“Cliff, I know what you’re going through, been there, done that. I got through it and you will too. When you get back on your feet, just stop by and give me the difference, ‘two large’ as they say. I will never call you or ask you for the money.”

I left 47th Street with a tennis bracelet that was quite nice! It was large, dazzling and impressive. I couldn’t imagine the look on Aline’s face when she’d see it! It would definitely blow her away! It would even be a hit for the mother the fictitious “Rachael”!

I entered the apartment and got dressed for the evening. She was ready to go, painted nicely and was scented like a rose bush, she was a doll, a living doll. As we got ready to make our departure I told her, “Oh sweetie, here I almost forgot your bracelet. Hold out your hand and let me pour it into your palm.” Out of the black velvet pouch that she had, a few hours earlier, always stored last year’s piece, the new bracelet slid into her opened hands.

The look on her face was pure magic. Her eyes widened and her expression was indescribable.

“Where did you get that?”

“Michael!”

“Where’d you get the money from?”

“Eh, stop askin’ questions. It’s your Chapter 11 bracelet, gabbish!”

It took about three years for me to finally get back on my feet. True to his word, Michael never called me for the money and I stayed away from 10 West 47th Street, too embarrassed to make a cashless appearance. Aline loves the bracelet. Now she knew what a tennis bracelet was, ah “The Americanization of Aline!”

The day arrived, I walked into Michael’s store, and he looked the same; tan, tall, big and handsome. I placed the cash on the counter; he looked at me, smiled and whispered, “I never had a doubt.”

It Takes a Key For a “Village” a duh!

We were all tired, stressed and entwined, in our own worlds, exhausted from the pressures of the day, each of us was encapsulated in our inner cocoons. No one was talking and there was no eye contact; noise yes, the roar of the "C" subway train pushing us uptown, whisking us away from the pressures of our day, one collective mass of humanity, another day at work in the big City, another herd longing to open their front doors and enter the world of “home” where relaxation mixed with recollections of the day past would slip away replaced by relief, family, relaxation, quiet and escape, hopefully.

Suddenly, the train came to a halt, without warning, in between the 81st and 86th Street station. Oh oh! What's going on? At first it was a non-event for seasoned New York City “strap hangers” only lightly startling and inconvenient.

"There's a medical emergency in the train ahead of us. We are stopped here until the emergency is cleared. The first car of this train has entered the 86th Street station. If you want to exit the train, please walk to the front car and you will be able to enter the station,” barked the conductor.

Well, just about everyone, out of good sense had decided to depart at 86th Street. New Yorkers are smart people, most of the time, that’s why several hundred people walked forward, from car to car, toward the front car, including me. When I reached the third car I had noticed that it was packed! Upon venturing up to the front of that car I had realized that the logjam was due to that car’s front door being locked! As I clutched the handle of that door I found that it was locked!

Immediately, I worked my way back, through the crowd, back to the fifth car where the door conductor, who had made the announcement, could be found.

"Hey sir, the door at the front of the third car is locked!" I told him.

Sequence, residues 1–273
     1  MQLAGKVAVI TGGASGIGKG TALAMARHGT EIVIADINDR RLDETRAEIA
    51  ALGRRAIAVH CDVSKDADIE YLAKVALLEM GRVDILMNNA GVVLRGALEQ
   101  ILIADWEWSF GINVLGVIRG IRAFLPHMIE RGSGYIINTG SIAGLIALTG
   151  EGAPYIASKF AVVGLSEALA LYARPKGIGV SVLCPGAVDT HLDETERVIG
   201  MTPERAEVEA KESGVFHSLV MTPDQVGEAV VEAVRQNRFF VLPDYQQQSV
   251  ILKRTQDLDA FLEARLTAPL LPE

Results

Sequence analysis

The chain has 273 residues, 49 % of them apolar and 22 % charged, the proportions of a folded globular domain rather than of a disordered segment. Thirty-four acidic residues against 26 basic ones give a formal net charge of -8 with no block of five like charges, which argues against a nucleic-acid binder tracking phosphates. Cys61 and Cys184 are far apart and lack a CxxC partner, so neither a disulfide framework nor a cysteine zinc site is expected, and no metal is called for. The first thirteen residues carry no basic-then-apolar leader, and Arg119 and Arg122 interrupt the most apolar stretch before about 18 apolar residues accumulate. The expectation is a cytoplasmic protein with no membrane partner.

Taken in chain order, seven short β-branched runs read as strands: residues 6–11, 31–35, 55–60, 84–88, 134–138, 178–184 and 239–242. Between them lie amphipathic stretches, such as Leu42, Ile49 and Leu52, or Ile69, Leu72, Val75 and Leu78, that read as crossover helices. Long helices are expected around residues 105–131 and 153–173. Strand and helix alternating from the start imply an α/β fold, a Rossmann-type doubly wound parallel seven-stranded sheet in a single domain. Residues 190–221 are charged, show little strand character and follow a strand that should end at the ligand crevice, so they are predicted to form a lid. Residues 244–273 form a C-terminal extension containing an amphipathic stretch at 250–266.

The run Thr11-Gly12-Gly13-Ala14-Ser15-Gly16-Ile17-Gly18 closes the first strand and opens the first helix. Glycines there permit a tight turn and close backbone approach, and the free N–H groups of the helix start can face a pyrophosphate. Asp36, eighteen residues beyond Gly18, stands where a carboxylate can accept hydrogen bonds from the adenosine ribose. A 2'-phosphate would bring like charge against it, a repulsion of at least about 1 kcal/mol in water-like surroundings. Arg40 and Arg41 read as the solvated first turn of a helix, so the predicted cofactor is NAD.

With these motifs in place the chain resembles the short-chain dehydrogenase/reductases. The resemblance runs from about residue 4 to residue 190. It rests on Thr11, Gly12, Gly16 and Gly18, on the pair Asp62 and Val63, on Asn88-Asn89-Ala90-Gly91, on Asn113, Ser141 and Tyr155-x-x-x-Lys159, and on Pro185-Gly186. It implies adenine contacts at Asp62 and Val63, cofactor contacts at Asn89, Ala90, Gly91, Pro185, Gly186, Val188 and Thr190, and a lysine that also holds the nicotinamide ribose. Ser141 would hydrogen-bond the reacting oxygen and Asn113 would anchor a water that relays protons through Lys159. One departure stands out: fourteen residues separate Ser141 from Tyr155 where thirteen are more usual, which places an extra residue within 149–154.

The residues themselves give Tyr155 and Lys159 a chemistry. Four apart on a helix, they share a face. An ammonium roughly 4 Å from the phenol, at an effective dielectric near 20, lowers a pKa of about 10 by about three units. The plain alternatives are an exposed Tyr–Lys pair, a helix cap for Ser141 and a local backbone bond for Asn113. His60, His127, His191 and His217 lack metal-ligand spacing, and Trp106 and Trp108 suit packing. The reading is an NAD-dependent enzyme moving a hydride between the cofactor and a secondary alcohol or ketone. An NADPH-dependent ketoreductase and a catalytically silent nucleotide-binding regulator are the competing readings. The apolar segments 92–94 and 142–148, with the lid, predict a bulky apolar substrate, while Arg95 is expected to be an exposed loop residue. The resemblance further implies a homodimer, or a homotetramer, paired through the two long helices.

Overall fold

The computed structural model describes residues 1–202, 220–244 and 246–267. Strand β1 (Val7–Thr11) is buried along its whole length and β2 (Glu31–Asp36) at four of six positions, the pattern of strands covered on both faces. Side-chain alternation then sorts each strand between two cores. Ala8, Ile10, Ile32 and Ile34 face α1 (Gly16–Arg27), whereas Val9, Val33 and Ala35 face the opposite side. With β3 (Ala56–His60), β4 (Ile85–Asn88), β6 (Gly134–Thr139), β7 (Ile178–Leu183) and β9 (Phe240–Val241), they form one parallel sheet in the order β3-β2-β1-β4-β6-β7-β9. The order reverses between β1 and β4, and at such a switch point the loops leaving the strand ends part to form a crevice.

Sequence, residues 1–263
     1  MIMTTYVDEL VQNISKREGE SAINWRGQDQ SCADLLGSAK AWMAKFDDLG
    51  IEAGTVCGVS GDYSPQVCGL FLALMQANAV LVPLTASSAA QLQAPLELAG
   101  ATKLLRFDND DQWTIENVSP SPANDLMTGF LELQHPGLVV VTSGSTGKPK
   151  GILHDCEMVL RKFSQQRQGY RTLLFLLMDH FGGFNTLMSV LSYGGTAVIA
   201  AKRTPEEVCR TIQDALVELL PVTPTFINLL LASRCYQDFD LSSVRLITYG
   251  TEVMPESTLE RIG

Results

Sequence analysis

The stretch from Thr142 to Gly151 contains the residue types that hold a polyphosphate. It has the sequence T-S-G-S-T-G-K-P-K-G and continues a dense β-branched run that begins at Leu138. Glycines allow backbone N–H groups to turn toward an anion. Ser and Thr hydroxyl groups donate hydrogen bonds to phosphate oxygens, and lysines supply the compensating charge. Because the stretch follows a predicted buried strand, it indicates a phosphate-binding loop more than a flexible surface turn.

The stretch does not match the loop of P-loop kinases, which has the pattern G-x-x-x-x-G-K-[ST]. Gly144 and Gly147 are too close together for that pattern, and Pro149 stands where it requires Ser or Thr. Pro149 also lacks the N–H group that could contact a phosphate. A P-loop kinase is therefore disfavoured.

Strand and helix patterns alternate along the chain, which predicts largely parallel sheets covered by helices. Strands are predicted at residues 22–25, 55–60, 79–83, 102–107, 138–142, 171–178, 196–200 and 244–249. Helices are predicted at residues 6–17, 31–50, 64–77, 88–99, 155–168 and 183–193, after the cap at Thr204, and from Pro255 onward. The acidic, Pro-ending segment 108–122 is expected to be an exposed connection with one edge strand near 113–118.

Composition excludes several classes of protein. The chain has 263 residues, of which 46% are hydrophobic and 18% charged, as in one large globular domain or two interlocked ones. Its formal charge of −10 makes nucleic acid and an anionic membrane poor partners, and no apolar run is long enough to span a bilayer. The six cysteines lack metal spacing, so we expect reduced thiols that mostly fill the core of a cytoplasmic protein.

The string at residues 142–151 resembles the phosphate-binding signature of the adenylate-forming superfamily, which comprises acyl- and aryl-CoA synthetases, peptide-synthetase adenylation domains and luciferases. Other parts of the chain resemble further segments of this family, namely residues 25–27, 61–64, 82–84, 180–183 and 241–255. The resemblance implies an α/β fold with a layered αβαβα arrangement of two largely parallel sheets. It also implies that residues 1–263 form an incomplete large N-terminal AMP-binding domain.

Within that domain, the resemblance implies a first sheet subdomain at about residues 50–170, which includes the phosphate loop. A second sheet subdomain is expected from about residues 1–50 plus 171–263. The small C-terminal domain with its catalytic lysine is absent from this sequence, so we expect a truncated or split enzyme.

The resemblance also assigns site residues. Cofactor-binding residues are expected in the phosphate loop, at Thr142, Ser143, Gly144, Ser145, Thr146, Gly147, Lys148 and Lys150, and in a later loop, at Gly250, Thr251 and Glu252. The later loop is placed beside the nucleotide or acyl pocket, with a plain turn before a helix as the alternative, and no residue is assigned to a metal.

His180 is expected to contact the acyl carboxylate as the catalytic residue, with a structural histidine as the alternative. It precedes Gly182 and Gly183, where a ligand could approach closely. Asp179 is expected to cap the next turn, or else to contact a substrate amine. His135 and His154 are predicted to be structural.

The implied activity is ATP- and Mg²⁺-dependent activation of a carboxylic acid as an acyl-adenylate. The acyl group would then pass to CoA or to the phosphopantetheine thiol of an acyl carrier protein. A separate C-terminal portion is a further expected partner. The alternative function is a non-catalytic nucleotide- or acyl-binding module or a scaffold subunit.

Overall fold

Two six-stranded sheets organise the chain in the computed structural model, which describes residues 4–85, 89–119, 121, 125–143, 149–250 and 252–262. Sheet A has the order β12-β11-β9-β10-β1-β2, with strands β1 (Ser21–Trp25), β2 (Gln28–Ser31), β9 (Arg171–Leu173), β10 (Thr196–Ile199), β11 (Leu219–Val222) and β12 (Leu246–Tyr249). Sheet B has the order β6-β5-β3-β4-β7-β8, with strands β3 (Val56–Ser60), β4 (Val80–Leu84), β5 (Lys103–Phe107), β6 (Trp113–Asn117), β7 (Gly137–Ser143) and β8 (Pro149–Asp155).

"Okay, let's go." he said. Conductors have all the keys. That's a given.

Following, closely behind the conductor, as we all do in vehicular traffic, behind an ambulance or emergency vehicle to beat everyone else. We weaved our way past the mob entering the third car.

He inserted his key into the lock and opened the door with me positioned directly behind him. I was the first person through the portal. Those who had been in the first and second cars were long gone. On to the second and out of the first car, I entered the station, jolted up the stairs to the street, the open air, leaving the chaotic scene behind me.

Since it was a cold December day, I quickly wrapped my scarf around my neck, buttoned up my coat and put on my gloves. I was glad to be out of the underworld, safely on the sidewalk.

"Hey! Whas uppa witch you? You hadda be the firs’ one outta da train, man! Whas so special 'bout you man?" shouted a fellow passenger.

"Good for you guy. You got out, number one and aren't you somethin’?" yelled another fellow citizen.

Two comments rang through my ears as I was already buttoned up and went off to my final destination, home, on foot. The shouts had confirmed exactly where I was, New York City!

“Well, thanks folks. I just want you to know that if it hadn't been for me, the guy who got the conductor with the key to unlock the door, then we'd all still be down there. Merry Christmas!" I shouted.

"Hey, yeah! You too, sorry guy, Merry Christmas to you too!" The other guy just walked away disappearing into the crowd.

Chapter III

Opinions & Perspectives

*******************************

“If You Can Make It Here, You’ll ‘Make It’ Anywhere”

Well, that's quite a statement! Do you agree with that statement from the song, New York New York?

The question is: what does “making it,” mean? There are subjective answers no doubt, something for some and something else for others. How often I’ve considered that statement to be a contradiction; meaning, that if this is the most competitive city on earth, filled with the best, smartest, most imaginative and resourceful people found anywhere then why are so many here who think they can make it here? The question begins with the word “if”.

The intense competition will not ensure success for all and even if you did “make it” here why would you be able to make it “anywhere” else? Of course not. Because most places are void of good opportunities and therefore making it there, where ever that may be, are more difficult or even impossible to “make it” than making it in New York City. “Making it” is relative.